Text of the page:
Following legal issues related to supply chain management.


Wednesday, October 29, 2008

Boilerplate clauses can be more trick than treat

Happy Halloween! That cute little gremlin at your door is just a boilerplate clause in the contract with your leading supplier. You know which agreement I mean — the one where you get all your mission-critical raw materials. Who even reads those things anyway? They are buried on page twenty with all the other little ghosts and goblins, e.g., the choice of law clause (see earlier post on the UCC), the severability section, the publicity notice . . .all very innocuous, right? Take a closer look. There really is a monster under that costume, and its name is the force majeure clause.

Force majeure literally means "greater force" and in the supply contract arena, it typically denotes a provision that excuses a party’s performance when unforeseen circumstances occur that inhibit such party's ability to deliver what they have promised. Just today I was reading an article in Nation's Restaurant News about the effect of weather on seafood production and shipments. It seems that an unusually busy hurricane season has wreaked havoc with many restaurants’ supply chains. The Uniform Commercial Code (a set of uniform rules enacted in all states that govern commercial contracting) even provides a free pass to parties when force majeure events occur that render performance by a party "impracticable". (See UCC Section 2-615). The typical clause might say something like:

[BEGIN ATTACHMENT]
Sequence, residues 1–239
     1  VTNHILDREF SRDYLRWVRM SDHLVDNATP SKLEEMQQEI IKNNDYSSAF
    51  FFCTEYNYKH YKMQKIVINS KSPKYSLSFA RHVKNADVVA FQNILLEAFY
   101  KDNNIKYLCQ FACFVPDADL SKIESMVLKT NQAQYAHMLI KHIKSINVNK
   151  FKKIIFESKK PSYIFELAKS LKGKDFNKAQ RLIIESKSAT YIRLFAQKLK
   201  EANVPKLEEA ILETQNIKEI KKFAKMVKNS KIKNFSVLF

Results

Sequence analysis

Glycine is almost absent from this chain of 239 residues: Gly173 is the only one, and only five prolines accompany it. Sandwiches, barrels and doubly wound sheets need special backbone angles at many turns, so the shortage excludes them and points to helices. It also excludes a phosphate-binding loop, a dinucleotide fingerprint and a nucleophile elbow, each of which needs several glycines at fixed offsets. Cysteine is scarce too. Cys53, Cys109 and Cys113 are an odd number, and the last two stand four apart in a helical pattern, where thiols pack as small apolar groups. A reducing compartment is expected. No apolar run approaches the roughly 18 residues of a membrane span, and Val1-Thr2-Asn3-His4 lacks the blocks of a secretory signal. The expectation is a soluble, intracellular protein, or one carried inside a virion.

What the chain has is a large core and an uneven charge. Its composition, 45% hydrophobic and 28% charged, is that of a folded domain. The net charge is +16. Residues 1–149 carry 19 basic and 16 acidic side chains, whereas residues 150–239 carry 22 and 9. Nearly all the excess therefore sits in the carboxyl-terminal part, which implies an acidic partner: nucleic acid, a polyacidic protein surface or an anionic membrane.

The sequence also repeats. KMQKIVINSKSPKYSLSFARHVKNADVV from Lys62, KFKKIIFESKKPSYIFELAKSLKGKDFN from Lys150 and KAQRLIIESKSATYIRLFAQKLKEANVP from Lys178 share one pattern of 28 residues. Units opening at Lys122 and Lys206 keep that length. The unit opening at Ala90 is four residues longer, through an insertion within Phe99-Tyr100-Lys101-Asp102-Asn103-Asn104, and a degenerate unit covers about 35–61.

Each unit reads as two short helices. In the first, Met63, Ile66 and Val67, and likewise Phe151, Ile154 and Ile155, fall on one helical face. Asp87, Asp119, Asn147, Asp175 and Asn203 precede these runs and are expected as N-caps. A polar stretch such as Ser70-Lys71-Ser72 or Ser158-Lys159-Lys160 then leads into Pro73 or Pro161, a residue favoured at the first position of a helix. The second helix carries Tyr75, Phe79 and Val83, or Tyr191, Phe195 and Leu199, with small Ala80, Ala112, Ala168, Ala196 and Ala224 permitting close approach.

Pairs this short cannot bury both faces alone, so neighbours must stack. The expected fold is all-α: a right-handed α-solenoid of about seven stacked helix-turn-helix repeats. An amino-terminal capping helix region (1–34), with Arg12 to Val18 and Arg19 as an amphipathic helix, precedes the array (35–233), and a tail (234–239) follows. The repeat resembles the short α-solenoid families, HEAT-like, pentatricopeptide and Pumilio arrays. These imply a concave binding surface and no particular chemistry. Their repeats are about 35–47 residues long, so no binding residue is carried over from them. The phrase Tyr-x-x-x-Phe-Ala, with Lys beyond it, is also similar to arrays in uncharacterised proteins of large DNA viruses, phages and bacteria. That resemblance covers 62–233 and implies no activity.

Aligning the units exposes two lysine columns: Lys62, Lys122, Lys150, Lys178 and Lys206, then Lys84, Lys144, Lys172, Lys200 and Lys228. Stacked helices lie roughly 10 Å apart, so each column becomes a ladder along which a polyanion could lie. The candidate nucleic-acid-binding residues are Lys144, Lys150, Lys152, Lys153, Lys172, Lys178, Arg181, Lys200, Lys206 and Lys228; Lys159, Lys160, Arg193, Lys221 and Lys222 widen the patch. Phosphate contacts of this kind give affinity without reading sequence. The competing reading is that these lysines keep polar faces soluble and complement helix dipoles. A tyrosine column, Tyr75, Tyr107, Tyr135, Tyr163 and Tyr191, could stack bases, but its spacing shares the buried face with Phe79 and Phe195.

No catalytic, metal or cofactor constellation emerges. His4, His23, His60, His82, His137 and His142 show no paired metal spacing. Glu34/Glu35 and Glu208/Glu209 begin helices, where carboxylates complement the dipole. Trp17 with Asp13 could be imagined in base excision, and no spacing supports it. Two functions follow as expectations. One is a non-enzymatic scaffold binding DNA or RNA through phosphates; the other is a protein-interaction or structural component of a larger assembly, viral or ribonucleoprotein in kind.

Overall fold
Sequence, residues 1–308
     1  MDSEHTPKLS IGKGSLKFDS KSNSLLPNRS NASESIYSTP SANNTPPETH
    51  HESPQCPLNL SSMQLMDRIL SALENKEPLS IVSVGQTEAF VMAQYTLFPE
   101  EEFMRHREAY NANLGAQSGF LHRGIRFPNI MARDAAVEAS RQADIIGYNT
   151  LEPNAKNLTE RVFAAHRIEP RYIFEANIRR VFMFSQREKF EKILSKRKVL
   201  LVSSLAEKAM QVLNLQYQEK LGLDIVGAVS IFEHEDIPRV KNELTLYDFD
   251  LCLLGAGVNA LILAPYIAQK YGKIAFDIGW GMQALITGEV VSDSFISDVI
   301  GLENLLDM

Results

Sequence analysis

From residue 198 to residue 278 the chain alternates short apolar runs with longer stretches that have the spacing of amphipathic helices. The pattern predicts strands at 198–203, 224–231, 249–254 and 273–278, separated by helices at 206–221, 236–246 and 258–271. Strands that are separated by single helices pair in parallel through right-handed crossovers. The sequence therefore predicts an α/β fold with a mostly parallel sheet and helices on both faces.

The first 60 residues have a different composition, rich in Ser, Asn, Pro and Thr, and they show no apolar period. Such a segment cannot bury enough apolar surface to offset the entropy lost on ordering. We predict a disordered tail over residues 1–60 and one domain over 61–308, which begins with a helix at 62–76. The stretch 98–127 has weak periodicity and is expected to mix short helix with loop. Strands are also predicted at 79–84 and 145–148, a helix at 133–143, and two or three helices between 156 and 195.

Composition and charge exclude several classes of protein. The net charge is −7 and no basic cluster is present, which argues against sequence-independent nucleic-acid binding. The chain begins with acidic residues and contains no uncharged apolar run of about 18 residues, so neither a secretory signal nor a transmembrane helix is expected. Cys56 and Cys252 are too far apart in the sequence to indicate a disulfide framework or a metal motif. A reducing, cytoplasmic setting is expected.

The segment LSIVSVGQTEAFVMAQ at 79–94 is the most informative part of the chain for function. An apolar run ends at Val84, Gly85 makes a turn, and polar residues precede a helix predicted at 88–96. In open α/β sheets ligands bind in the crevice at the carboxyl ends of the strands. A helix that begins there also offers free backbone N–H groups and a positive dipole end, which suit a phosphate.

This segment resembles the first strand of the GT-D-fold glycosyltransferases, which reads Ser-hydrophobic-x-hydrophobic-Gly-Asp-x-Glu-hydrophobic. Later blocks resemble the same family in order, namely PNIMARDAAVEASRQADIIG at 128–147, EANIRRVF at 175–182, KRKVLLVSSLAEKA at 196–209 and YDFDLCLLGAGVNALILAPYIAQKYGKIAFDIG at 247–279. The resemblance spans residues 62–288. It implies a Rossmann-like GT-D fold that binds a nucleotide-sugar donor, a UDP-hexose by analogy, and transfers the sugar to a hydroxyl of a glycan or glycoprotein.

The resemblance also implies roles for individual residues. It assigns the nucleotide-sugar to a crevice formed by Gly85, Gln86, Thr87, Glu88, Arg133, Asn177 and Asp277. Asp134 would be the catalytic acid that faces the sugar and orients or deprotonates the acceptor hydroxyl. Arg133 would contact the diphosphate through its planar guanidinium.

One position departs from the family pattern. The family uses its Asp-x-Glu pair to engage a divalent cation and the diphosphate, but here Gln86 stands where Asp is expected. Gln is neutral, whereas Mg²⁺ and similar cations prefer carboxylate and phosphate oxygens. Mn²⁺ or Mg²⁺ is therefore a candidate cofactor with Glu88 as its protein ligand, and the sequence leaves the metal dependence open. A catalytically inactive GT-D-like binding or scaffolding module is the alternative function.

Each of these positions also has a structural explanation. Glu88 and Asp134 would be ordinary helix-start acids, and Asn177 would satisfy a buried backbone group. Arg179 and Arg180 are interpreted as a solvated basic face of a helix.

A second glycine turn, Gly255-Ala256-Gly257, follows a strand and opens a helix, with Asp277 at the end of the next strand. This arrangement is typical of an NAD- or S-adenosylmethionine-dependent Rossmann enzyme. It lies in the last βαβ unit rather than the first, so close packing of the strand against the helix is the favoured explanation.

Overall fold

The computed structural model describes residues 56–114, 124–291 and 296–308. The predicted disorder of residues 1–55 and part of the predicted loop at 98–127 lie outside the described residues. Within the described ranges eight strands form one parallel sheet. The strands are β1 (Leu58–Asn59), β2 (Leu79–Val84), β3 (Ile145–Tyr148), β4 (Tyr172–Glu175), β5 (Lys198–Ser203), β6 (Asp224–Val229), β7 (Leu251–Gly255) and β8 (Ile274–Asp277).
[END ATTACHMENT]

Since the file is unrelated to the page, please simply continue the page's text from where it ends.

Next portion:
"The undersigned agree that no party shall be liable for its failure to perform its obligations hereunder during any period in which such performance is delayed by extreme weather, fire, war, embargo, riot, labor strike, or any other event or condition outside the reasonable control of such party."

These clauses garnered some attention after the September 11 attacks, and then returned to relative obscurity. Given the current economic environment, we can expect to see them invoked more frequently by defaulting parties proclaiming the transactional equivalent of "the dog ate my homework". (We have a newly adopted rescue pup, and this no longer seems to be as lame of an excuse as I once thought.) If you want to avoid being on the losing end of this scenario, it may be time to pay some attention to the boilerplate clauses in your contract. Consider customizing the force majeure clause in your key procurement contracts to exclude things that sophisticated manufacturers and distributors should actively be managing around, including known risks in your particular industry. An emerging trend is for suppliers to develop, and commit to follow, detailed contingency plans. You may want to ask your suppliers for copies of their disaster plans and review them for sufficiency and practicality, then make the accepted plan part of your contract.

Just be prepared, your customers may start asking the same thing of you.

-- Heather Mallard

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